From Church Militant: SSPX poachers. The SSPX has a habit of luring the faithful away from diocesan-approved Traditional Latin Masses.
I sought out and went to the SSPX for a year in the '80s when there was no diocesan-approved traditional Latin Mass. They do much good, often being the only kind of Catholic orthodoxy in their area, and we have the old Mass back in the official church thanks to them. (That is, thanks to church authorities reacting to them.) The article is essentially right (the SSPX does confuse form and substance; don't leave the church even for an apparent good such as the traditional Mass; a good thing put above the church becomes an idol) but let me explain. In the '70s through the '90s, the ruling liberals in most of the American Catholic Church, besides often being heretical ("Jesus isn't God, the church is fallible, the Eucharist is just a symbolic meal," political correctness), were just as culturally idolatrous and self-righteous as we traditionalists are accused of. They told aspiring high churchmen such as me (born Episcopal, which although it is usually just as liberal as our liberals, isn't anti-high church; "high and wide," they often worship like we do) that we were bad (sinning, leaving the church) and/or mentally ill (Pope Francis' cracks about "rigidity" are more of the same; by the way, the Pope's opinions don't matter) for wanting to worship as had been done for centuries and well reflecting all our teachings. The church may be defectible and fallible in their view, but by God, they said, they were the church and we were to obey. No wonder I left the church for a long time (even doing the unthinkable, returning to an Episcopal parish: conservative, left in relative peace because of semi-congregationalism, and not rigid/self-righteous nor condescending; Anglo-Catholicism is almost the right faith, taught by the wrong side). Part of it was I was confusing form and substance, but that's exactly how Catholic liberals presented things to me in the '80s (their form "was" the church; take it or leave it). I don't mind if some Catholics want to be low-church (low and modern but not heretical: Catholic charismatics, the other American Catholics who still go to Mass); I object to the pathology I just described (which Thomas Day describes perfectly, with roots going back to before Vatican II) as well as to heresy. The church has several rites (and sub-rites such as the Novus Ordo) and many schools of spirituality and speculation, which don't always like each other even though all are Catholic. The first English Novus Ordo was borderline heretical (because of the dumb idea of "dynamic equivalence," paraphrasing, not translating); Benedict XVI "the Great" (not even that conservative, just Catholic) corrected that. Now, I have no conscience problem with the new Mass; as long as it's by the book, we're good. (The earliest, lowest Sunday Mass has been a mainstay for 45+ years for orthodox Catholics with no other official option.)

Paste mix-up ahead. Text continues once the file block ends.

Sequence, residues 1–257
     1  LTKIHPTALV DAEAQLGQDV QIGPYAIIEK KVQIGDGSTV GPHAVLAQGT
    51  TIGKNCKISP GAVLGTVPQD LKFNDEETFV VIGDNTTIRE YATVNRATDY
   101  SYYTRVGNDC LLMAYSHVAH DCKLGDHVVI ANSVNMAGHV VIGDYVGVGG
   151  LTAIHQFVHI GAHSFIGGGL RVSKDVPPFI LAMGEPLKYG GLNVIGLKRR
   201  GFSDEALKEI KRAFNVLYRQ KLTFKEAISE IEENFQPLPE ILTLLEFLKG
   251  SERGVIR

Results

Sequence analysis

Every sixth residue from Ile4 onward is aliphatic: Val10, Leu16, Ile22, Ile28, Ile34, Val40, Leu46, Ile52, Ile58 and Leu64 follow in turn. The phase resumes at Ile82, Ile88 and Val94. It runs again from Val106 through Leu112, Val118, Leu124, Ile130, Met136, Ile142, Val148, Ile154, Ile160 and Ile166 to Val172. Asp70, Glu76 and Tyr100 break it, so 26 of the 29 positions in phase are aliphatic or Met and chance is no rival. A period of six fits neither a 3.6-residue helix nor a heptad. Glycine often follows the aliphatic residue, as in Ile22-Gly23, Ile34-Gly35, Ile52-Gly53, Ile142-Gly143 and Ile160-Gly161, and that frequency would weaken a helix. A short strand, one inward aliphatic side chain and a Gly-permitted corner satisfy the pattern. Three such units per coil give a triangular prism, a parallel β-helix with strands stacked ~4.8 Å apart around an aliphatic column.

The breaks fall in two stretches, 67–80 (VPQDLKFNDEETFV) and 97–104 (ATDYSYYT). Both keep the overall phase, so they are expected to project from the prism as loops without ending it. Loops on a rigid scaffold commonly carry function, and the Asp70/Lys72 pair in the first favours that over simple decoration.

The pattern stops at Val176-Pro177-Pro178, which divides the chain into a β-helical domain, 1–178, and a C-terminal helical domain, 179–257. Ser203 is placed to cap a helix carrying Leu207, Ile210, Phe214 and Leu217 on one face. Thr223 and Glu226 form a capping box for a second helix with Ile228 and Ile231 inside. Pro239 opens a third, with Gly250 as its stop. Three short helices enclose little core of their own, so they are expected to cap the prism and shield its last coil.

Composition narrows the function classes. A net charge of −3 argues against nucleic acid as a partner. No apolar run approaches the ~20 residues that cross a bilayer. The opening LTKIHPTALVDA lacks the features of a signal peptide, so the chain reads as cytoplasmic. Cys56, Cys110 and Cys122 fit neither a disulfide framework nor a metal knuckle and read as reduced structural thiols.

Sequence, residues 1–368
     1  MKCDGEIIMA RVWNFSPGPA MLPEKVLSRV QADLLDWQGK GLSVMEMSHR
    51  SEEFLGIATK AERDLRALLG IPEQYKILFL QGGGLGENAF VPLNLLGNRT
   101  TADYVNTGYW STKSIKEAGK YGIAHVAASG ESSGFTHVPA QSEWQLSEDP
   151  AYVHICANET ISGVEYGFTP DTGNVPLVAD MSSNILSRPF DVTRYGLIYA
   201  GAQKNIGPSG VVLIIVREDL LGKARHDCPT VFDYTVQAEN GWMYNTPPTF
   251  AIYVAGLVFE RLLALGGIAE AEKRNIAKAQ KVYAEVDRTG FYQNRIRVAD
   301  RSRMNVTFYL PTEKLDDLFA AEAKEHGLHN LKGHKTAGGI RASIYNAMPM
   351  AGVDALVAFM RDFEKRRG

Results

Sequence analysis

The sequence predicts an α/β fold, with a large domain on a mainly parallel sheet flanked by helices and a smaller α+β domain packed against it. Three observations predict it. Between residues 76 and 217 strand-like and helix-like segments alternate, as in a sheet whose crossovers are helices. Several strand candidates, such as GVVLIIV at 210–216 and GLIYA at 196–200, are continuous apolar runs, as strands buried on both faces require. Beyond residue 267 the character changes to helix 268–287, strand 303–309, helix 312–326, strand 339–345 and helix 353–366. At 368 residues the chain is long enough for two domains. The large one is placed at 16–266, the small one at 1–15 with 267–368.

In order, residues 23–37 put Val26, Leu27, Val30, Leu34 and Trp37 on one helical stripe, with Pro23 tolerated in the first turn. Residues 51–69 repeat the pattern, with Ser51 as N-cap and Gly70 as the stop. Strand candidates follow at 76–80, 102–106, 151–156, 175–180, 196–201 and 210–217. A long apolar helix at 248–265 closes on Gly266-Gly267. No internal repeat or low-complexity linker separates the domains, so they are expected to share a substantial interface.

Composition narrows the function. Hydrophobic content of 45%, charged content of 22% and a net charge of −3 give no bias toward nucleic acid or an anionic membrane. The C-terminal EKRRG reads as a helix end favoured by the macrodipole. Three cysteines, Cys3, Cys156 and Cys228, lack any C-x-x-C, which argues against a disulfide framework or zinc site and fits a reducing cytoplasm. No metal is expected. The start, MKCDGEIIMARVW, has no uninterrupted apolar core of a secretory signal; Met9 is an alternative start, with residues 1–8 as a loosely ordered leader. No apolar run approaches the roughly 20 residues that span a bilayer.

I belong to a parish 15 minutes from home that's conservative and has the Tridentine Mass as its main Sunday Mass, which I go to most of the time, and, having been Russian Orthodox (the Orthodox make the mistake too of confusing a culture with the whole church; a good traditional culture entirely Catholic), I also support the nearest Byzantine Catholic parish, which happens to be Ukrainian, going to it 12 times a year (one Sunday a month). (By the way, my first traditional Catholic Mass in person over 30 years ago was Ukrainian, one of the only places in the official church where traditional worship was still tolerated.) Been active as a Catholic again for five years and will go to a liberal parish to cover my Sunday or holy-day obligation. Grounded in small-o orthodoxy and, I dare say, far more "openness" than any Catholic liberal showed to me.
Looking to the right of the SSPX, the sedevacantist scenario can happen. (Again, given "Catholic" liberals' arrogance, presuming to speak for the church, no wonder since the '70s some traditionalists have thought apocalyptically.) It hasn't so far.
I've known enough "religious" people in my half-century on earth, and tried being one, to realize that much of the time it's just a prop, a game, or entertainment, like a hobby; left and right. Goofball clergy including Popes aren't my problem; God saw fit not to call me to be a priest so they're not my bosses, thank God. Don't get me wrong; I believe. I don't have much religion, but the religion I have is Catholic, culturally before 1965, and I don't settle for imitations.
Most Catholics use the new Mass and don't want Latin. Pope Benedict's Mass delivers the goods and comforts many, but it is not my home. The gates of hell can't prevail against Rome; I'm confident that the reform of the reform will eventually win. (Familiar to me; it's a lot like Anglo-Catholics unprotestantizing the old Book of Common Prayer.) The Tridentine Mass will keep going as a minority. Kids realize liberal Christianity isn't worth a second thought; the few religious kids want real religion.
P.S. Latin is great; long a common second language for European intellectuals, a template for sound theology and liturgy in the West, and pretty, the Romance languages' mother. "Sacred languages" are just something people naturally do. (English-speaking Protestants did it with the King James Bible.) But traditionalism isn't about Latin. Witness the Eastern rites plus Anglo-Catholics translating our services, reflected in the practices of the ordinariates.
Update: A sharp reader points out that "diocesan-approved traditional Latin Masses" simply means "traditional Latin Masses in the official church." Thanks to Benedict the Great's Summorum Pontificum, we don't need the bishop's permission.